According to police, Mr. Torres followed them, caught up with several in a parking lot and chased them with a metal baseball bat.  He caught Nabra, hit her with the bat and kidnapped her.  The rest of the teens, literally running for their lives, met back at the ADAMS (All Dulles Area Muslim Society) Center and noticed Nabra was missing. Her body was found later that day in a nearby pond.

While community members have said her death was fueled by a bias against Muslims, police say Torres’ rampage was fueled by road rage.  “The police can say whatever they want, but I believe with all my heart that it is a hate crime,” Mohmod Hassanen, Nabra’s father, said in comments to media.

One year later the Muslim community is still in mourning but moving ahead.  Families exercised more caution with their children at night during prayers this Ramadan which ended on June 14.

“The family is still struggling.  This was a major loss for this family and this community,” Jumana, of Pious Projects of America,  told The Final Call. She heard about what happened and reached out to the family through a cousin.  She has been working with Nabra’s father and other families who have suffered similar losses.

Pious Projects, located in Bridgeview, Ill., is a non-profit that connects donors with worthy projects.  Soon after Nabra’s death the group set up an online campaign to raise $25,000 to build seven wells and a mosque in Nabra Hassanen’s name in Mali, Africa. Donors exceeded that goal and raised $45,000.

“We wanted to give back to the community for all they gave during this hardship,” said Jumana.  They produced a documentary that can be seen online to showcase the work of Pious Projects in Nabra’s name. “I enjoy basically speaking with the families and trying to guide them through their heartbreak and bring them something positive in the end,” she explained.

The documentary was screened April 28, in Nabra’s community of Reston, Va.  It is called “In Honor of Nabra” and shows the work of Pious Projects to build a beautiful masjid and the seven wells in her name.

“Nabra was my friend. She was really nice and funny to be around. She always made sure her friends were taken care of before herself. Thank you Nabra for always being there for me because I know if you were here it would be much better, but you are in a good place now so rest in peace,” Samah Mohamed said in remarks to media.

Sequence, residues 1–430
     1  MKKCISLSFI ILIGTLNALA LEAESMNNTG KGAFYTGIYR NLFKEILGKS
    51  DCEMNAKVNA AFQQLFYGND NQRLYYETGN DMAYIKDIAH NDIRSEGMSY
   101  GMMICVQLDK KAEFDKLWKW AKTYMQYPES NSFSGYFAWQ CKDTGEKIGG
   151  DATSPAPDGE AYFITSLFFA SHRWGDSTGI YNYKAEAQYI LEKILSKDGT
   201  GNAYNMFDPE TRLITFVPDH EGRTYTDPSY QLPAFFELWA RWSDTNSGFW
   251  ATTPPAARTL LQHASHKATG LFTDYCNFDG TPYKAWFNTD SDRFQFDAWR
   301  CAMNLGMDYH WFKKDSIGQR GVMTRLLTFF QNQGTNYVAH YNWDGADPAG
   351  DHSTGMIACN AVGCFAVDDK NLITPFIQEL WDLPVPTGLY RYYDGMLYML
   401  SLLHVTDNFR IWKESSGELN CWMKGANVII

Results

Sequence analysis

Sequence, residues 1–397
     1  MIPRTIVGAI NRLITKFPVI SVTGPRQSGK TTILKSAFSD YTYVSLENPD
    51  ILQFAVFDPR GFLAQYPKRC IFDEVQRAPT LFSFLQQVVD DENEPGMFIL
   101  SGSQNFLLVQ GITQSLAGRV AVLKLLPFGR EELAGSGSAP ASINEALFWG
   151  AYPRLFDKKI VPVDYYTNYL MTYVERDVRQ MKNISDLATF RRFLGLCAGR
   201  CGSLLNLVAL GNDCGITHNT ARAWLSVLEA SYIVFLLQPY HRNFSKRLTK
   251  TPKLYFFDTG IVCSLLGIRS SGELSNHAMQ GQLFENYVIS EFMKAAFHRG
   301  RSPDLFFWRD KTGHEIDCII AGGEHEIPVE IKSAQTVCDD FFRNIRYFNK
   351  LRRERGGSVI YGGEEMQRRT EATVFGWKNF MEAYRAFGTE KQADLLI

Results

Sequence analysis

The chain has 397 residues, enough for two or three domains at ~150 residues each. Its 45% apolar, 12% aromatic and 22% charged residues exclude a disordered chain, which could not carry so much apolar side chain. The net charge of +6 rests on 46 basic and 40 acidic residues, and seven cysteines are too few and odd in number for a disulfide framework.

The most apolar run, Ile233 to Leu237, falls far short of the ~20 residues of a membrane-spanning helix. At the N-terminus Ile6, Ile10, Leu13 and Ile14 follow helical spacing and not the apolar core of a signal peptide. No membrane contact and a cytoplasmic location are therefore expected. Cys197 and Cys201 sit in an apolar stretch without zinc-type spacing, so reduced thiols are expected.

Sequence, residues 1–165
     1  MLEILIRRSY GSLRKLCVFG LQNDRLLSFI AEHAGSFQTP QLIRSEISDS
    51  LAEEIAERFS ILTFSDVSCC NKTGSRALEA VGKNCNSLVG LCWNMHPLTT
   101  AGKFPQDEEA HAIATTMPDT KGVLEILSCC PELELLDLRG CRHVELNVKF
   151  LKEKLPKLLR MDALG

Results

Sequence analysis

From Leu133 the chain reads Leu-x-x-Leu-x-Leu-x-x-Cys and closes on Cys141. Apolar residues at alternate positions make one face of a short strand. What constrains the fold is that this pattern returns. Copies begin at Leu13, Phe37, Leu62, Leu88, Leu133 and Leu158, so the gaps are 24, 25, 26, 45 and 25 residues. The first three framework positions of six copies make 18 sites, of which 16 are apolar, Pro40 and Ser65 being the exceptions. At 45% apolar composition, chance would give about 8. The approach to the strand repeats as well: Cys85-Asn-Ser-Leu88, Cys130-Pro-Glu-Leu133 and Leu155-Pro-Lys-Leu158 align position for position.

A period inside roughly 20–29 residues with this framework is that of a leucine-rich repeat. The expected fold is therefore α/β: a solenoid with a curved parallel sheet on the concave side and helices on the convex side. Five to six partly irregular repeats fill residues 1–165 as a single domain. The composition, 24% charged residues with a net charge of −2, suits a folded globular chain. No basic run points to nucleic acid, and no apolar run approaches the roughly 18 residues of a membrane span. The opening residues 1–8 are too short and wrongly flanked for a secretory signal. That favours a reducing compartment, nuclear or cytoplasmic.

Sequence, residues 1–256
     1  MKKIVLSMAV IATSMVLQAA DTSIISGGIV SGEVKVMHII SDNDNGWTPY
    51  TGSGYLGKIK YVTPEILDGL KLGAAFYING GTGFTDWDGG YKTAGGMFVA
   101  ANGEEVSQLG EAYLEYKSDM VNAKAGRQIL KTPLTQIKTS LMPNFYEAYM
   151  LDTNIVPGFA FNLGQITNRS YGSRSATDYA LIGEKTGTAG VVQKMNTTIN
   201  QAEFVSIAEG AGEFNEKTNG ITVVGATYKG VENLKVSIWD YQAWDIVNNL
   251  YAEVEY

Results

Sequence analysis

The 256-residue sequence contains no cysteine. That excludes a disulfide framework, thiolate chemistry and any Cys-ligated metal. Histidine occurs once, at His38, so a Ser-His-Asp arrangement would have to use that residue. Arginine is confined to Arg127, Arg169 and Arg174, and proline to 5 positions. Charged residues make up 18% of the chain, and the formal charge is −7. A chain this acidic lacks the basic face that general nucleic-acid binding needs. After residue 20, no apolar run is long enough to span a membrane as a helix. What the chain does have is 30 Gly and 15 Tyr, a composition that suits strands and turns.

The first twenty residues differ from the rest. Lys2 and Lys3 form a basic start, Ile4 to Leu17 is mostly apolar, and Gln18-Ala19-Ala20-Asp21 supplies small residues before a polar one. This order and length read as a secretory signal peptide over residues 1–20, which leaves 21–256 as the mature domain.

At the screening Jumana explained, “Our role is to show the community what we were able to build with more than $45,000 that we fundraised in Nabra’s honor. Our team went to Mali, Africa to build a mosque and seven water wells. In the documentary, you are going to see the struggles the Mali community goes through and how building the mosque and water wells, in Nabra’s honor, was able to help them. In the afterlife, Nabra will have ongoing charity in her name.” The documentary purposely doesn’t mention in detail what happened to Nabra other than she was murdered.

The documentary does show the impact of the new wells and the masjid on the community in Mali.  Imam Al Moustafa Sonogo explained to the packed audience at the masjid opening that they will remember Nabra among the great Muslim women murdered in the name of their beliefs and that she will be awarded martyrdom.

“This masjid is a living charity in her name, she is a hero of Islam, a martyr of Islam,” he said.  Later as they opened the new wells he said, “We don’t have much to give except dig this well in your name, so that its reward may reach you.” Pious Projects is not the only one doing something in Nabra’s name.

“Her friends are also giving out bags of food to the homeless in her name once a month,” said Jumana.